goods sold and net income would then be $25,427,514 and
$2,086,812 respectively.
Figure 6-3 (next page) shows how A.I.™s income statement
would look if ending inventory and cost of goods sold were
71
Inventory Valuation



Figure 6-2: Income statement under FIFO

Avaricious Industries
Consolidated Earnings Statement
For Year Ended December 31, 19XX


Net sales $38,028,500
Cost of goods sold:
Inventory, January 1 4,190,000
Purchases (net) 25,418,500
Goods available for sale 29,608,500
Less inventory, December 31 3,250,000
Cost of goods sold: 26,358,500
Gross profit 11,670,000
Operating expenses
Selling:
Sales salaries expense 1,991,360
Advertising expense 3,527,650
Sales promotion expense 987,745
Depreciation expense”
selling equipment 403,850 6,910,605
General and administrative:
Office salaries expense 1,124,650
Repairs expense 112,655
Utilities expense 39,700
Insurance expense 48,780
Equipment expense 63,750
Interest expense 211,020
Misc. expenses 650,100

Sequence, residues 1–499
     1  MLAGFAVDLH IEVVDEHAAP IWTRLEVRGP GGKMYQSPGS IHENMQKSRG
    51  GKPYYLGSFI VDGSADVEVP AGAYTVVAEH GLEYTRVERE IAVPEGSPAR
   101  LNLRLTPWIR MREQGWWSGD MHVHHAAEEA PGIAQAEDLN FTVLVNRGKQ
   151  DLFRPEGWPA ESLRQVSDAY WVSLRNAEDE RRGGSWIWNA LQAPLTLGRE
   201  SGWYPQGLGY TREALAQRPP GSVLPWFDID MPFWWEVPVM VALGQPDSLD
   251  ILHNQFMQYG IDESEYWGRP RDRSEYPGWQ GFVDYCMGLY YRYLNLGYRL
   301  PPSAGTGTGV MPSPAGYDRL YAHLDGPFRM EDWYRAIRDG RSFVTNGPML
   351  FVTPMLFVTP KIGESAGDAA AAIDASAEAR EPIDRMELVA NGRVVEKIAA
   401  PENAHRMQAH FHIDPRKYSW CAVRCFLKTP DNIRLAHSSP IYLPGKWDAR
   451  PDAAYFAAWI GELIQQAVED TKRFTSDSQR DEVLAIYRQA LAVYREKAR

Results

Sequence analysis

Depreciation expense”
office equipment 73,900 2,324,555
Total operating expenses 9,235,160
Earnings before income tax 2,434,840
Income tax 925,239
Net income $1,509,601

Common stock shares outstanding: 2,500,000
Earnings per share of common stock: $0.60
72 THE AGILE MANAGER™S GUIDE TO UNDERSTANDING FINANCIAL STATEMENTS



Figure 6-3: Income statement under LIFO

Avaricious Industries
Consolidated Earnings Statement
For Year Ended December 31, 19XX


Net sales $38,028,500
Cost of goods sold:
Inventory, January 1 4,190,000
Purchases (net) 25,418,500
Goods available for sale 29,608,500
Less inventory, December 31 4,180,986
Cost of goods sold: 25,427,514
Gross profit 12,600,986
Operating expenses
Selling:
Sales salaries expense 1,991,360
Advertising expense 3,527,650
Sales promotion expense 987,745
Depreciation expense”
selling equipment 403,850 6,910,605
General and administrative: